Royal Navy ships under Admiral Alexander Cochrane, involved with ravishing the Chesapeake Bay area (for the second time) sailed up the Patuxent River to Marlboro MD and then, in true British style, "quick marched" toward Washington DC. Each Royal Marine and sailor carried, in addition to their own weapons and packs, a twelve pound cannonball for the artillery they also dragged. While Adm. Cochrane remained on his flagship, his second in command, Admiral George Cockburn (pronounced "co-burn" - it's Scottish) and his Army counterpart, Gen'l Robert Ross, led their combined force through the blistering August heat. As a matter of interest, they lost more men from heat prostration than from enemy action! And action they had at Bladensburg, where they had to cross a bridge in order to carry on to the nation's capital.
With the knowledge that the British forces would be coming that way, militia and regular federal troops were arrayed in the hills and trees on the Washington side of the river. Included in the American force were Commodore Joshua Barney's men -sailors and US Marines - from his gunboat fleet. He had scuttled his ships on the orders of the Defense Secretary to help with the upcoming fight. At the end of the day, after the militia and regular federal troops ran away in the face of British fire, Barney's Marines were the only ones left to defend the bridge. The newspapers of the time referred to the American disaster as the "Bladensburg Races."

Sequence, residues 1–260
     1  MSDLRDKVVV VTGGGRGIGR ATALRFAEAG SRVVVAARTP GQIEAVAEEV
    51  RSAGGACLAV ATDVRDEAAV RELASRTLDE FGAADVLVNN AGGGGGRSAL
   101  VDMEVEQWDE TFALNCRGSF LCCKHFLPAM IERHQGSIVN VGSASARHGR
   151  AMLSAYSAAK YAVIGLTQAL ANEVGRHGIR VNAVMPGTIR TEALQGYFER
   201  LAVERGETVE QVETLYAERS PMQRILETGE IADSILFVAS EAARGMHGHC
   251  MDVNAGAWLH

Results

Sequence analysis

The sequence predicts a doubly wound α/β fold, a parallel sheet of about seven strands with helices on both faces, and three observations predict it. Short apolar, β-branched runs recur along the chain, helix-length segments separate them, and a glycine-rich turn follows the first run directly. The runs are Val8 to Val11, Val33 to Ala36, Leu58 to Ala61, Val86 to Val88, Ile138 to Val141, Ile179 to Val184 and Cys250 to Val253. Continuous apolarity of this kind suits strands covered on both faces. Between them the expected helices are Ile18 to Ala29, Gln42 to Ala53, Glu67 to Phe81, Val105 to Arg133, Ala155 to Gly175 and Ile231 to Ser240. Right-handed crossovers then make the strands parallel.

Unfortunately, their teamsters driving the wagons with the shot and powder also ran away and the commodore got himself wounded. He told his men to head for Washington to see if they could be of help there. And the British, after four attempts, got across the bridge on continued on, unhindered, to the capital.
|Commodore Barney is wounded, and captured by Gen'l Ross (in red)|
|Adm Cockburn in front of burning Washington|
|The President's Mansion aflame|
As a matter of interest, it was the only time our capital has been occupied by an enemy force since the American Revolution!
So, on that note, until next time, I wish you all